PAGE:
A causal connection may be inferred "by showing that the employer had knowledge of the employee's protected activity, and that the adverse personnel action took place shortly after that activity." Mitchell, 759 F.2d at 86. By showing both knowledge and proximity in time, plaintiff may establish the causal connection needed to make a prima facie case of retaliation.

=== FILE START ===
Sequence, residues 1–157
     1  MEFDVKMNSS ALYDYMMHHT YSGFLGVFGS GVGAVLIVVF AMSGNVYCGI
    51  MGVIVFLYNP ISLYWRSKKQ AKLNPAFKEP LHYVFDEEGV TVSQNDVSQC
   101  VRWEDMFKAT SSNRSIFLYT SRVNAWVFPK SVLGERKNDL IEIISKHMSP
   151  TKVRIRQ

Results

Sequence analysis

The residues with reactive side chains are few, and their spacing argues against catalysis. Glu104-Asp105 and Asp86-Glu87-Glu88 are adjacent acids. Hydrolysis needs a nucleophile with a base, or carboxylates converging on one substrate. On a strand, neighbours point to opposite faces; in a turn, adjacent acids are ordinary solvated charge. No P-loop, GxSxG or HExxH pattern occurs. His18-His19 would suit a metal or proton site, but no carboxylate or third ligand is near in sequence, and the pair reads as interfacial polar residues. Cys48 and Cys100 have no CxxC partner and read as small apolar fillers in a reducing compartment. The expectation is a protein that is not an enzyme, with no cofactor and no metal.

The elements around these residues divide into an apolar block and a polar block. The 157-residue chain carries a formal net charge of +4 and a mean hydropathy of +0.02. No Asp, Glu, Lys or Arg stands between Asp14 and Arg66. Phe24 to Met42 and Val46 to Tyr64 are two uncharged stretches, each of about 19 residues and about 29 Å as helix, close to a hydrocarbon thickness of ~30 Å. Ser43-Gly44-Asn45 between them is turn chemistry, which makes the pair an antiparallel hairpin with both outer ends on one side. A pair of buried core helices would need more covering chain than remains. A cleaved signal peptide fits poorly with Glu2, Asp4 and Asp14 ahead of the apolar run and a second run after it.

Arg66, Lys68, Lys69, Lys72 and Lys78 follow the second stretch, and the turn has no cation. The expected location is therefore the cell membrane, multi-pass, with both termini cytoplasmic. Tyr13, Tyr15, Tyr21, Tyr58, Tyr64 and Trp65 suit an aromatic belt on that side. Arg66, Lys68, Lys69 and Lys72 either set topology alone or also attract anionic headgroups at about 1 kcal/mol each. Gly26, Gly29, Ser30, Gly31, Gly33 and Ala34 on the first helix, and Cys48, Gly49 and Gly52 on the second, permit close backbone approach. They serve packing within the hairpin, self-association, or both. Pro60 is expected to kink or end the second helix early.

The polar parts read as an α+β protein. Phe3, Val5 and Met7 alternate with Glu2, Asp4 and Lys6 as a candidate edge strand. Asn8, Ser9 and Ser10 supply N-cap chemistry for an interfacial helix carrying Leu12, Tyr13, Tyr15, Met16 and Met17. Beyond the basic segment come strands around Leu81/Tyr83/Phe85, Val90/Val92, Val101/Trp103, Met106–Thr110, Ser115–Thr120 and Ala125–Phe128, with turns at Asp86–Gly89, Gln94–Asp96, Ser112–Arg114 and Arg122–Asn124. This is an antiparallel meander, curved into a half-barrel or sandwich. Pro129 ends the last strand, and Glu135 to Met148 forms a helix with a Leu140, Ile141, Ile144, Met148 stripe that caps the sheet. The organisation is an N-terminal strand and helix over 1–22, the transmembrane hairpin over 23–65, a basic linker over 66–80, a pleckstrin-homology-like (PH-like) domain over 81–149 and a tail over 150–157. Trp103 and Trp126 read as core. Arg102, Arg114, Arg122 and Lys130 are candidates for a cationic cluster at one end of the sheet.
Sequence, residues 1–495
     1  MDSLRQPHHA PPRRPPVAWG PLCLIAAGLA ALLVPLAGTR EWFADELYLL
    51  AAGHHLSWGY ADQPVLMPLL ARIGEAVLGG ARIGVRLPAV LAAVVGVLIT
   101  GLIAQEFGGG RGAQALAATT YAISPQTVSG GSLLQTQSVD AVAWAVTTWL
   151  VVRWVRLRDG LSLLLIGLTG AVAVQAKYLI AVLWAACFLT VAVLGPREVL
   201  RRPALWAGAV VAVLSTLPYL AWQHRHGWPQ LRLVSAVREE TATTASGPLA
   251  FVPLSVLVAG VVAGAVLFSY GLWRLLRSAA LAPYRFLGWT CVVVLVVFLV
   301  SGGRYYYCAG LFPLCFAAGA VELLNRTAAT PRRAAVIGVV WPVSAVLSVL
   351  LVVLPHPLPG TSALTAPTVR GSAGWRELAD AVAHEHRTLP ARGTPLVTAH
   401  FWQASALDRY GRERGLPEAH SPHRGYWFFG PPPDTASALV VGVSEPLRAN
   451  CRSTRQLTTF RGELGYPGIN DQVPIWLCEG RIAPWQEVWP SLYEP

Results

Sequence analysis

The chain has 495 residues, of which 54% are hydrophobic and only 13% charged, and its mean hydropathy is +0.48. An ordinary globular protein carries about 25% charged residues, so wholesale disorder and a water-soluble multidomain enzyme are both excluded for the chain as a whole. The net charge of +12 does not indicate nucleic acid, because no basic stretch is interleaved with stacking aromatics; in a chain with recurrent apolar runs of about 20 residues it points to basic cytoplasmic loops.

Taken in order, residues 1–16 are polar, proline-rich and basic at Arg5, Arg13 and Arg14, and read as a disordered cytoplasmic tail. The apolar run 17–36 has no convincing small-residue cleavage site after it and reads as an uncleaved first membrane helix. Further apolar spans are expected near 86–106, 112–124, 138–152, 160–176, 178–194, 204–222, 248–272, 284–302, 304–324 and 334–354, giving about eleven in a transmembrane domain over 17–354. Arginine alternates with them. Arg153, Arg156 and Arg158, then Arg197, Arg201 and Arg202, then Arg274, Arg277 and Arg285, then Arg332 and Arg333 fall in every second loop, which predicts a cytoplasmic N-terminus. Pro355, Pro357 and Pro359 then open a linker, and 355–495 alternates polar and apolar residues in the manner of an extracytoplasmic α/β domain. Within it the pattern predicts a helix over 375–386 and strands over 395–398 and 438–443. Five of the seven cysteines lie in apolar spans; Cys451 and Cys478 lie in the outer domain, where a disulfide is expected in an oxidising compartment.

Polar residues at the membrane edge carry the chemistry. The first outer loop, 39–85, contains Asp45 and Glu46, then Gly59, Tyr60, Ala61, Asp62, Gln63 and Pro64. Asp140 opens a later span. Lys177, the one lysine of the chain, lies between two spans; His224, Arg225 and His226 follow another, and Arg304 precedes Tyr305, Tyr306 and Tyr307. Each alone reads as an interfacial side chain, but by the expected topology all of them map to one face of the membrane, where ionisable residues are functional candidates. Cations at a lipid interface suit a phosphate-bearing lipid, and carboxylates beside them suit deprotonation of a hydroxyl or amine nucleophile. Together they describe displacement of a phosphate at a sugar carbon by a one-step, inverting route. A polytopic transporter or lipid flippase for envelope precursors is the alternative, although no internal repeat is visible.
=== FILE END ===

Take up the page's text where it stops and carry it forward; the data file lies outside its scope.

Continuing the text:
Although courts have not established the maximum time lapse between protected Title VII activity and alleged retaliatory actions for establishing a causal connection, courts generally have accepted time periods of a few days up to a few months and seldom have accepted time lapses outside of a year in length. See, e.g., Goos v. Nat'l Ass'n of Realtors, 715 F. Supp. 2, 3-4 (D.D.C. 1989) (holding that five weeks constituted a short enough time lapse to establish a causal connection); Castle v. Bentsen, 867 F. Supp. 1, 3 (D.D.C. 1994) (holding that three to five months is a short enough time lapse between EEO activity and reprisal to establish a causal connection); Devera v. Adams, 874 F. Supp. 17, 21 (D.D.C. 1995) (holding that "an eight month interval between the two events is not strongly suggestive of a causal link"); Garrett v. Lujan, 799 F. Supp. 198, 202 (D.D.C. 1992) (holding that almost a year "between plaintiff's EEO activity and the adverse employment decision is too great [a length of time] to support an inference of reprisal"); but see Hayes v. Shalala, 902 F. Supp. 259, 264 (D.D.C. 1995) (holding that a causal connection existed based on the time plaintiff first became vulnerable to retaliation, even though that time occurred three years after plaintiff engaged in protected activity).